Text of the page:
Conformity is defined as the largest relation that satisfies these rules.[BHJ+ 87]
The object type matching rules in Modula-3,[19] for example, define a smaller
relation. Modula-3 requires that the argument and result types of operations
be identical, not merely that they conform appropriately.
Property 4 is known as contravariance. In mathematics, a function from
A to B is also considered to be a function from A0 to B 0 if A0 is a subset of
A and B is a subset of B 0 ; this is the contravariance in the argument of the
function space operator.[20] In programming, contravariance means that an
operation on objects of a given type should also work on objects of subtypes of
that type. Applied to the deposit operation, contravariance results in Bank
not conforming to JunkHeap. Although such a consequence is sometimes
considered to be a limitation of conformity,[21, 22] property 4 is included in
Emerald not just to make the type system safe and consistent—although this
would be reason enough—but also because contravariance helps to enforce
correct program design. In other words, contravariance is a feature rather
than a limitation.
The utility of contravariance may be illustrated by additional objects
from the Emerald compiler. Nodes corresponding to integer literals were discussed earlier; additional nodes of other types are used to represent declarations, control statements, and expressions. The type TreeNode characterizes
those properties that are common to all the elements of the language; consequently the operations in type TreeNode must be exported by all nodes.
Both Expression nodes and Statement nodes export more operations than
do TreeNodes, but each has operations that are different from those of the
others; these types and the relationships between them are depicted in Figure 4.7. Type Statement does not conform to type Expression because Statement does not implement the getType operation, and Expression does not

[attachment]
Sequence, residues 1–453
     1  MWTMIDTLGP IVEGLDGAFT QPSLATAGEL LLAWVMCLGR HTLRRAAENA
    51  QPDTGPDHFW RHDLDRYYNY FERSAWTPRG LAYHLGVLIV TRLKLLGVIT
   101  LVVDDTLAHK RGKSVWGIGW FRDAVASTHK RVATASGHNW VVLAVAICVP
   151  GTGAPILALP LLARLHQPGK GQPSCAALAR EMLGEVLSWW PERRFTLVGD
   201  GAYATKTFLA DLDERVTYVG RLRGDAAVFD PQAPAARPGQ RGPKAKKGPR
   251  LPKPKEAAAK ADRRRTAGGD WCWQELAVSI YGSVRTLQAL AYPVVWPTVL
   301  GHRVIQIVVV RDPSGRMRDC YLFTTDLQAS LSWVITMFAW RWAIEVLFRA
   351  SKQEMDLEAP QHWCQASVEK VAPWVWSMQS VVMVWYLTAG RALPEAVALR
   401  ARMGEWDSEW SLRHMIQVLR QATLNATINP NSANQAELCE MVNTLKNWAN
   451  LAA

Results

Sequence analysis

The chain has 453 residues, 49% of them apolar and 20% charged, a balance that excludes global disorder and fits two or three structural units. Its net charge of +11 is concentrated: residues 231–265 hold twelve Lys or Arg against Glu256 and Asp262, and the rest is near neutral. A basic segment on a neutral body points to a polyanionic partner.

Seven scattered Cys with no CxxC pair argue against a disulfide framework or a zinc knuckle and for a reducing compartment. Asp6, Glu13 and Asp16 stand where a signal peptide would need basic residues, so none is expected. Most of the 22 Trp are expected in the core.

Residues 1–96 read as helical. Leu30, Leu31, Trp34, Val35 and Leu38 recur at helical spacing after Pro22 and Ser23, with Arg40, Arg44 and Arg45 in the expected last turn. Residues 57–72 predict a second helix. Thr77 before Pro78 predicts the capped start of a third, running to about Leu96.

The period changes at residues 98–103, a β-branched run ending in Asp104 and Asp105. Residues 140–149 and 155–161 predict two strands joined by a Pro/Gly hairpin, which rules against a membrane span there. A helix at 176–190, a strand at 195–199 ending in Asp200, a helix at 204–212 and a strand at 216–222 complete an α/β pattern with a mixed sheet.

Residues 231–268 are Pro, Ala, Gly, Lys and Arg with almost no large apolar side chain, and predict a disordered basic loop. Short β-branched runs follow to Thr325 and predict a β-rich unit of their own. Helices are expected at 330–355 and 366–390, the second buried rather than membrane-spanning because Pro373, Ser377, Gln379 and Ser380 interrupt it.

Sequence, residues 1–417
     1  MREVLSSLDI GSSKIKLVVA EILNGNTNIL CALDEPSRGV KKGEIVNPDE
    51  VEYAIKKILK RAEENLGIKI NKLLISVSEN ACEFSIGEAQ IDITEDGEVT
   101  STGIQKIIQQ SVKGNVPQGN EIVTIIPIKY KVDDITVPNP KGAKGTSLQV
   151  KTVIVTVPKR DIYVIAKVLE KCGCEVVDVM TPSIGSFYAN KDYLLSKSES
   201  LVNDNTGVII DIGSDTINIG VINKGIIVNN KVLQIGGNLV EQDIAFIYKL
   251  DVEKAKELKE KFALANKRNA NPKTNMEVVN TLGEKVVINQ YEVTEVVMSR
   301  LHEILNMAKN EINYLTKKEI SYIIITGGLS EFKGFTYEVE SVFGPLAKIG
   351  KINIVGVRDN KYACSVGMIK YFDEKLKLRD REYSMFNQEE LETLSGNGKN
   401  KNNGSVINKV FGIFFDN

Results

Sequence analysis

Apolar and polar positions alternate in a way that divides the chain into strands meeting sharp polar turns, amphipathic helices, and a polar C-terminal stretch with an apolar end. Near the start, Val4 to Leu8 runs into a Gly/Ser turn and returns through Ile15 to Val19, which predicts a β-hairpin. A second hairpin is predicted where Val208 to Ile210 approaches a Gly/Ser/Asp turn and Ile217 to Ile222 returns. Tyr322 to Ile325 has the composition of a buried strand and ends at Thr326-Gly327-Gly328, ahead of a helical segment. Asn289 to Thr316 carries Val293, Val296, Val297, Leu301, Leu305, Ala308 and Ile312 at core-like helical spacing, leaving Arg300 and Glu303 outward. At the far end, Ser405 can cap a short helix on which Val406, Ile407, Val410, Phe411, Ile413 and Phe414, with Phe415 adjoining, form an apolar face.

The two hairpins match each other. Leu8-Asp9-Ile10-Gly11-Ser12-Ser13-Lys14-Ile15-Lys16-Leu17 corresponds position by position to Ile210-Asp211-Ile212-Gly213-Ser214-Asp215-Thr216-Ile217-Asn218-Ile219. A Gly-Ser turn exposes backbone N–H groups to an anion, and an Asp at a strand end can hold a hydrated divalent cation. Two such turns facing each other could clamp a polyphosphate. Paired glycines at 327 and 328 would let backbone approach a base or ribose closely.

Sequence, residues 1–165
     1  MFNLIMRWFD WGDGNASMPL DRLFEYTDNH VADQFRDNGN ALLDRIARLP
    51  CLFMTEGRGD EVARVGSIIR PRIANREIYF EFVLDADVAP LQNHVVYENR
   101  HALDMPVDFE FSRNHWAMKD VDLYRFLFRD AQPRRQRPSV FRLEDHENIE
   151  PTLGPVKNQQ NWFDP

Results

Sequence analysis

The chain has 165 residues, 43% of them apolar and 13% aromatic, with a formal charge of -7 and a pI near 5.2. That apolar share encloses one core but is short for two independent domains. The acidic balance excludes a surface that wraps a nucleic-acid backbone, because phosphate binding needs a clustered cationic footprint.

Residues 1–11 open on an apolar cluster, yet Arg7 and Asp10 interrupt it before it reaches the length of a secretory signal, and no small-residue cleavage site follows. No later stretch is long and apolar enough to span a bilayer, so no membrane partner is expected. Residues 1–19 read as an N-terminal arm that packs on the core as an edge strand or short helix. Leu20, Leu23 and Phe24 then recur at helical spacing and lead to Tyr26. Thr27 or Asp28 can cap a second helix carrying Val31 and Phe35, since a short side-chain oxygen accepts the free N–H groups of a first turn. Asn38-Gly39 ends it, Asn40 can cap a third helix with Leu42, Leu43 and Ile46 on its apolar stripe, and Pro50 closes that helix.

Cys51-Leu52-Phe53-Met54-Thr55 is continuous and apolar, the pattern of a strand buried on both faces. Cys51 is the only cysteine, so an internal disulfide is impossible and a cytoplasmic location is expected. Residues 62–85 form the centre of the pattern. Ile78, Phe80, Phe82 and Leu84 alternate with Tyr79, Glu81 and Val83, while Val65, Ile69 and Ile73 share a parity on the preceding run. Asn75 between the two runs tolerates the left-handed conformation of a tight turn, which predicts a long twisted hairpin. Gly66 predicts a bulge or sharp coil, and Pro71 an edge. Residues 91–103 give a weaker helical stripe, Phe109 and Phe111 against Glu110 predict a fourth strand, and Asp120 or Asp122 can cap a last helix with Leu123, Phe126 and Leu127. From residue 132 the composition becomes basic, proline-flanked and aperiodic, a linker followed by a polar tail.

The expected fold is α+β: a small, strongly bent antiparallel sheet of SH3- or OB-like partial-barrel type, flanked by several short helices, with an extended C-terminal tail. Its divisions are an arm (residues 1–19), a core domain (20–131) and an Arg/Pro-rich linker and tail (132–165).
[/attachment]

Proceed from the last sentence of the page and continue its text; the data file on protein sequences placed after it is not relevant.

conform to Statement because Expression does not implement the typeCheck
operation. However, they both conform to TreeNode.
Now consider the objects codeImprover and expressionImprover :
CHAPTER 4. THE EMERALD LANGUAGE
const TreeNode ←
type TN
operation generate[OutStream]
end TN
Legend
Name
operations
const Expression ←
type E
function getType → [Expression]
operation generate[OutStream]
end E
const Statement ←
type S
operation typeCheck
operation generate[OutStream]
end S
(a) Type definitions
40
Type
Conforms to
TreeNode
generate
Expression
Statement
generate
getType
generate
typeCheck
(b) Relationship between types
Figure 4.7: Some compiler types
const codeImprover ←
object CI
operation optimize[root : TreeNode] → [result : TreeNode]
...
end CI
const expressionImprover ←
object EI
operation optimize[root : Expression] → [result : Expression]
...
operation factor [root : Expression] → [result : Expression]
...
end EI
Should the type of expressionImprover conform to that of codeImprover ?
The former clearly has more operations, and this could be reason enough
to declare that it conforms. However, expressionImprover is clearly not
substitutable for codeImprover in every context. An invocation of codeImprover.optimize may legally be presented with a TreeNode as an argument,
but an attempt to present the same argument to expressionImprover.optimize
is a type error. This is why Emerald’s conformity rules clearly state that expressionImprover does not conform to codeImprover .
Before leaving this example, let us look a little more closely at what
would happen if Emerald were more lenient in its type checking. Then,
CHAPTER 4. THE EMERALD LANGUAGE
41
it would be possible for expressionImprover.optimize to be invoked with a
TreeNode object as its argument, which would then be bound to the name
root within the optimize operation, even though the syntactic type of root
is Expression. Now there are two situations to consider within the body of
expressionImprover.optimize (denoted by the ellipsis above). If the operation
body invokes only generate operations on root and never getType operations,
the body would execute successfully. If the operation body does invoke the
getType operation on root, the invocation would fail because getType is not
implemented on treeNodes.
It is of course exactly this sort of run-time failure that Emerald’s type
system prevents. At first glance, it may seem that the cost of this security
is that a legal and useful program—the first case in which getType is never
invoked—cannot be written in Emerald. But a little thought shows that this
is not so. If the body of expressionImprover.optimize never invokes getType
on its argument, then the argument should not be declared to be of type
Expression: it need only be of type TreeNode.